On a Belated Tribute

Mother’s Day was this past weekend. Although time didn’t work in my favor to get a post together, mothers aren’t forgotten.

This is my mother. She learned her English by exposure, thus everyone noticed her Italian accent. Her strength was her kindness and her hands … that is, she could cook and sew with the best of them.

My Mother with her Tuscan hometown in the background

My Mother with her Tuscan hometown in the background

My mother died much too young … a month shy of her 59th birthday back in 1987. However, I was lucky to have someone else.

This is my mother-in-law (MIL).  Like my mother, she grew up during the depression, thus those times influenced her. Like my mother, my MIL was genuinely kind and cared about people … and always supportive of my wife and I. She and my mother were very close to the same age, but she lived much longer.

My mother-in-law - a kind, generous, and genuine person

My mother-in-law: a kind, generous, and genuine person

My MIL passed away this past December, so this past Sunday was new to me as it was the first Mother’s Day I exclusively relied on memories.

On Enchanted to Remember

Wedding

That was August 23, 1952. Their wedding eventually led to their daughter introducing me to them before a college football game in the fall of 1974. We married in April 1977. August 2012 was their 60th anniversary celebration, and the delightful footnote that the entire wedding party was still alive.

My mother-in-law loved both of these songs. A toast to a good person with the gentile heart that everyone enjoyed and respected. We will miss her, but the love and memories she gave us will last forever.


On an Unexpected Time

In life, there are times when the plate is too full. Overwhelming feelings are just that, but still real to us. Other times simply have too many things happening at once, but they too are very real.

In my case it is the later – most notably, both my mother-in-law and father-in-law are in the hospital. There are other important tasks also to juggle at this time, so it’s best I step away from blogging for a bit …  thus no new posts and maybe limited visiting. I’ll let time dictate that. Personally, I hope it is just for the rest of the week. My next post will be Monday Morning Entertainment, in which I will also provide an update.

My in-laws love these songs, so to spread hope for their recoveries, listen to as many as you want. Which did you choose?

Flashbacks: About Me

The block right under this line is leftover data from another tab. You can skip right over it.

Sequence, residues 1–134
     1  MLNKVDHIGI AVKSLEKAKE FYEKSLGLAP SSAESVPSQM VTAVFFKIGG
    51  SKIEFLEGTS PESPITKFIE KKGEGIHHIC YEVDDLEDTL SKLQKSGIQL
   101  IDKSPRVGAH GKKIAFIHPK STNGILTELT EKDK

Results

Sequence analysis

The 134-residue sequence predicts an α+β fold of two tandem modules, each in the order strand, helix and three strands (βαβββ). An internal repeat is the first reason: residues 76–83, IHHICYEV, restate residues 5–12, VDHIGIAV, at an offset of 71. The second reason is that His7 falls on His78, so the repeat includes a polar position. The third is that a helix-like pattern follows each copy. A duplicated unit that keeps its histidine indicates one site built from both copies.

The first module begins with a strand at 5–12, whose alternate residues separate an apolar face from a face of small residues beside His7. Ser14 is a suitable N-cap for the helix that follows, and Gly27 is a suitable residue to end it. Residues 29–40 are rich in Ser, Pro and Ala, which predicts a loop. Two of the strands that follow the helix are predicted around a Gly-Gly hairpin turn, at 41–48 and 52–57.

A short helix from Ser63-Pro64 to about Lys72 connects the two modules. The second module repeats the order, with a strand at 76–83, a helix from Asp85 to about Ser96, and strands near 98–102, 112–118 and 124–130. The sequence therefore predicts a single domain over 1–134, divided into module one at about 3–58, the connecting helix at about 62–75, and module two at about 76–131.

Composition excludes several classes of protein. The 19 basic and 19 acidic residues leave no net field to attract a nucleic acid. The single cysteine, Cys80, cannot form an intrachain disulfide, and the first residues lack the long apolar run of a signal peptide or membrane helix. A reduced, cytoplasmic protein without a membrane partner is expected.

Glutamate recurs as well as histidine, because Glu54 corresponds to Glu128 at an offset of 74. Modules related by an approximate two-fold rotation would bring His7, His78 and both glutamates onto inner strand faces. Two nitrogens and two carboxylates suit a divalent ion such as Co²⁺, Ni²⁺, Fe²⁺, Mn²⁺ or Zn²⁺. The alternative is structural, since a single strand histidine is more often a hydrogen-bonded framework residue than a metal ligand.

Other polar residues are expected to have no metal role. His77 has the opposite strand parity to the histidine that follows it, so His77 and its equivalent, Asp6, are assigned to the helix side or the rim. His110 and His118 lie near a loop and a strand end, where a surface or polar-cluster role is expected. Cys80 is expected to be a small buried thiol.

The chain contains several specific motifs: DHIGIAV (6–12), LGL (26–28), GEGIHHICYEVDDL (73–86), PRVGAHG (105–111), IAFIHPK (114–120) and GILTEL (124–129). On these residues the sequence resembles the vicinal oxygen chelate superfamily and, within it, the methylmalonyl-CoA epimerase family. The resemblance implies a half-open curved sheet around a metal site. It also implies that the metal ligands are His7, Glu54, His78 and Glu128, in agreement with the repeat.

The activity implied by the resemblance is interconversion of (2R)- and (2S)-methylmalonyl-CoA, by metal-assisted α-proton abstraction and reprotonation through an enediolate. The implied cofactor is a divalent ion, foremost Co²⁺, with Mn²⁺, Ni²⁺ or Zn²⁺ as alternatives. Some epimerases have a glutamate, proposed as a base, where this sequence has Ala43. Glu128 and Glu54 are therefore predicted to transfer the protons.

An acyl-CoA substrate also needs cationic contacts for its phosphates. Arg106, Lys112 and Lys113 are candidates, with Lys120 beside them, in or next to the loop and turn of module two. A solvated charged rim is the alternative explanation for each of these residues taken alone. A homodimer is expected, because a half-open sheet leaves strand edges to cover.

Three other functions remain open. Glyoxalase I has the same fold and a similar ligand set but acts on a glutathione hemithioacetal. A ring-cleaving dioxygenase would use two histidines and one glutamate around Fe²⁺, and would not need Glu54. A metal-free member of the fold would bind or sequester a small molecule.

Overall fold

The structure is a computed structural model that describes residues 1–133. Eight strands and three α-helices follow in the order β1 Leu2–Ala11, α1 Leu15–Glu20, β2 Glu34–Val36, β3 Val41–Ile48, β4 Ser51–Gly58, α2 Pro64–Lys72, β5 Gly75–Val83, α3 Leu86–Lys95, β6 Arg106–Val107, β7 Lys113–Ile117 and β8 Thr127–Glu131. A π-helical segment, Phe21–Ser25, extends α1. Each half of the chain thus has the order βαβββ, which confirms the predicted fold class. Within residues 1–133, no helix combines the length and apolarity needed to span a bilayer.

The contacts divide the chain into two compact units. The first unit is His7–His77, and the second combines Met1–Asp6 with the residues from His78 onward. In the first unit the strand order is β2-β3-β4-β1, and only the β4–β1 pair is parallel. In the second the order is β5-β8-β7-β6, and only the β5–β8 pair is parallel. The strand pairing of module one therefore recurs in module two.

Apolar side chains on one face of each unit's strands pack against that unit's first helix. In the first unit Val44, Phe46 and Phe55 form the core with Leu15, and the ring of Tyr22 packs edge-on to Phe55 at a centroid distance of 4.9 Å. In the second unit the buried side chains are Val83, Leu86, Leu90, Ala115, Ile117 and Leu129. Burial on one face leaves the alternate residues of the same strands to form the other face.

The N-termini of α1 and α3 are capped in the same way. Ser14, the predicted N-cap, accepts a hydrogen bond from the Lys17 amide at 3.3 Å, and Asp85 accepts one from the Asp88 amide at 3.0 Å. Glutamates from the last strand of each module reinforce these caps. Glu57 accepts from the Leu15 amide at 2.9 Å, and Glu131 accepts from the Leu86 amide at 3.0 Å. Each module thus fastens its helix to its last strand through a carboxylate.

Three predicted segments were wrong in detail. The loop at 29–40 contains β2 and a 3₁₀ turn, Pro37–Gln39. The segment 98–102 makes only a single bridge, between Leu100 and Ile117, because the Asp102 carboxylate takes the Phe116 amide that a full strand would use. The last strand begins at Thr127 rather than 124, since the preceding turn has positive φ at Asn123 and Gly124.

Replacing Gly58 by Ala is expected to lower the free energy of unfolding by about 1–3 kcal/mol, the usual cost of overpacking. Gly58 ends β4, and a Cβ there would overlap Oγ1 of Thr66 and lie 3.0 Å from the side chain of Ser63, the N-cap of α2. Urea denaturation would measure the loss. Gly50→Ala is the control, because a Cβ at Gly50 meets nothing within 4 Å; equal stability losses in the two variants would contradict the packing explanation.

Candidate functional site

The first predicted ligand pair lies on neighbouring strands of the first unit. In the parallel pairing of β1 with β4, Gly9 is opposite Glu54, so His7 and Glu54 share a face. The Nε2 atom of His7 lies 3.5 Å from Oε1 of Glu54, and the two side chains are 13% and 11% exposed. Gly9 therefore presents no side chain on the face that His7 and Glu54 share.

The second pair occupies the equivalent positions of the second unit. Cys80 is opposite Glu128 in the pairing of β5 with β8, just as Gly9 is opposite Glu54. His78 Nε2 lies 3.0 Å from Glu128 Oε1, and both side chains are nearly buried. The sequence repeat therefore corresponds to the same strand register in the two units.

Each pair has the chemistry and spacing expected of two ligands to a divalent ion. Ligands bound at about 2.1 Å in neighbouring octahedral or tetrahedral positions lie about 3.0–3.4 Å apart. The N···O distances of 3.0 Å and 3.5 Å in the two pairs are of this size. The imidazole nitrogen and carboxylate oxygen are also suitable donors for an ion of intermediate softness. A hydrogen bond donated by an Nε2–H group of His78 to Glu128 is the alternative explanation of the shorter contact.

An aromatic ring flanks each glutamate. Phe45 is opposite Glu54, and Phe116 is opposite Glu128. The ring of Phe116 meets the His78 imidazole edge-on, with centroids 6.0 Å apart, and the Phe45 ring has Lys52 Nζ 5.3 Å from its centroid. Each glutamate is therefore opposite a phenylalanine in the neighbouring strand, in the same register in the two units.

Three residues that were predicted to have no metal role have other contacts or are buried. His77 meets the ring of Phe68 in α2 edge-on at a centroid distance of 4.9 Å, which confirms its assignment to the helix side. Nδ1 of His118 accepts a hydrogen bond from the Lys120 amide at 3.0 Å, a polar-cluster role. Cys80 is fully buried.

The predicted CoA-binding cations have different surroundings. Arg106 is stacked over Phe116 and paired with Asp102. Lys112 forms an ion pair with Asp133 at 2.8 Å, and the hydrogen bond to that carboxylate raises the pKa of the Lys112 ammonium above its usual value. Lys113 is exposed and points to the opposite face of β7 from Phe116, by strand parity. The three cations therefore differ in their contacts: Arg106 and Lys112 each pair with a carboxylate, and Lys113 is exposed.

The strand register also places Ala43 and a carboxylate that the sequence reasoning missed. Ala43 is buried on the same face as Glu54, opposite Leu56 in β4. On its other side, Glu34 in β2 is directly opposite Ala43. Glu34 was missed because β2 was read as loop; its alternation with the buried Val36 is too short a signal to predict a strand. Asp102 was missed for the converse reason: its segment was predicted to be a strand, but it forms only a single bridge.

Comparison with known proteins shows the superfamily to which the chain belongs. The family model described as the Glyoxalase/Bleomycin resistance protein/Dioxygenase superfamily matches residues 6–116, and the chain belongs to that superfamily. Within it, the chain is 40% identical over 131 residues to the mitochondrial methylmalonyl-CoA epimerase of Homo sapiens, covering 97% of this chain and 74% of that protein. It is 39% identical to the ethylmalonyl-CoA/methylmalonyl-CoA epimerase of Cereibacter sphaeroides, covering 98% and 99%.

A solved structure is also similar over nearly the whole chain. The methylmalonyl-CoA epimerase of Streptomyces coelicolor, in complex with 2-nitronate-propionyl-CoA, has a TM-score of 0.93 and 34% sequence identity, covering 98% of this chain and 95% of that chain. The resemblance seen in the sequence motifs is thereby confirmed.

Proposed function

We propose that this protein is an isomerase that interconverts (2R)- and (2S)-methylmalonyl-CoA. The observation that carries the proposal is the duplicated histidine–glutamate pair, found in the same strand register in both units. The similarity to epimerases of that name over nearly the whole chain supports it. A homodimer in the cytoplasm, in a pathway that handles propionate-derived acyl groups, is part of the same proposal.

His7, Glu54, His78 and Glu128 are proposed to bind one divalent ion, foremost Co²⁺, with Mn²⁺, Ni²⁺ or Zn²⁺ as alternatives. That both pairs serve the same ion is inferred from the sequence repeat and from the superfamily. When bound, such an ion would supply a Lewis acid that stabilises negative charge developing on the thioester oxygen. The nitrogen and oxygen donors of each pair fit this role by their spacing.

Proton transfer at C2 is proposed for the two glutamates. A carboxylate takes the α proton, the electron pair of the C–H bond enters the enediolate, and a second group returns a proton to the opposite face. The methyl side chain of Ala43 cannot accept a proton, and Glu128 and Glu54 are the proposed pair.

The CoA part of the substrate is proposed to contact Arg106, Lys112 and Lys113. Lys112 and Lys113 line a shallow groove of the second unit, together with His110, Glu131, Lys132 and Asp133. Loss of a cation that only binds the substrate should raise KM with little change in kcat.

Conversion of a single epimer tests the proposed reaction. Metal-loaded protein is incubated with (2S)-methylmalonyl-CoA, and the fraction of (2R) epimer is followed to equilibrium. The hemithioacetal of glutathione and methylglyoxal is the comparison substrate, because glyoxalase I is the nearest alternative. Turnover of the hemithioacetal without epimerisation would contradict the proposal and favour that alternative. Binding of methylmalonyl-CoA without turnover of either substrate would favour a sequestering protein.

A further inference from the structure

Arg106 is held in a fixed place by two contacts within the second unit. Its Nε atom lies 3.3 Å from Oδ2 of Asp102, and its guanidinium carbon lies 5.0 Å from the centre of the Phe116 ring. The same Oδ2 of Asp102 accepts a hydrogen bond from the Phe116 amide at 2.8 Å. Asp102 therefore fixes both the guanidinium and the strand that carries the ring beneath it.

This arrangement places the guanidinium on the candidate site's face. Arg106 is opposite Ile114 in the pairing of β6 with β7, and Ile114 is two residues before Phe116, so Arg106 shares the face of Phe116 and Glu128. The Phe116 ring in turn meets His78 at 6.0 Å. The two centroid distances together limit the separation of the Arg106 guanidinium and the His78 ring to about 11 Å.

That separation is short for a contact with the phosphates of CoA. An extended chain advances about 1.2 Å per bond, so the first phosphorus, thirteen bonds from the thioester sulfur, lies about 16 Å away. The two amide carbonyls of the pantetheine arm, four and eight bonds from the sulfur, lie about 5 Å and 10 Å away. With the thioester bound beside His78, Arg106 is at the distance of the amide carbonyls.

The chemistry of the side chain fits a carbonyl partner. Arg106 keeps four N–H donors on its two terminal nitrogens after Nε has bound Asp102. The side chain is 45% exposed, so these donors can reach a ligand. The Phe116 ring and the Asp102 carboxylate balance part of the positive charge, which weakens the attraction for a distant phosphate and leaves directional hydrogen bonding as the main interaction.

By having this blog for over five years, I’ve disclosed more than a few things about myself. Enjoy these flashbacks, visit as many as you want, and I hope you comment on the post you visited.

On A to Z

a-z-2013Someone declared April as A-to-Z Challenge Month. Sure, the challenge’s intent is to have a separate post for each letter, but hey – I have a streak of independence.

With 1,167 posts before this one, why not use my archives to meet the challenge? After all, even frequent readers aren’t aware of some of the posts.

Therefore, I present A Frank Angle’s A-to-Z. Visit as many as you like, because as in my tradition, there is something for all …. so hopefully you’ll visit at least one.

AFAa2zBadgeA is for Acquaintance – People that were not in my graduation class: set 1 and set 2

B is for Ballroom – … and ballroom dance delivers benefits

C is for Cruising – We like cruising, so start your trip with a click

D is for Dinner Group – … We hosted a night of Chopped

E is for Education Reform – Although the need is obvious, here are the obstacles

F is for Frank – Yep, that’s my name, but these are the All-Time Franks in baseball

G is for God and Government – I must say that this post about the separation of church and state is pretty darn good

H is for Handbells – It takes many bells to make one instrument

I is for Italian – I’m 100% Italian heritage, and Ellis Island is an important place

J is for Joys – To whatever give you joy, but for some of us, it’s reliving the cartoons of our youth, and here is where the series started, which led to the first honoree

K is for Knowledge – What do you know about supersonic kangaroos?

L is for LearnerLearning should never stop

M is for Moderate – This early post defines an independent moderate, thus shows why neither party wants me … well, except for my vote

N is for News – Staying informed is important, but there is something more biased than the media

O is for Ohio River – A story from my hometown on a river during my youth.

P is for Politics – I wrote this shortly after the 2008 election, but before the Tea Party’s emergence (which is what makes this post interesting)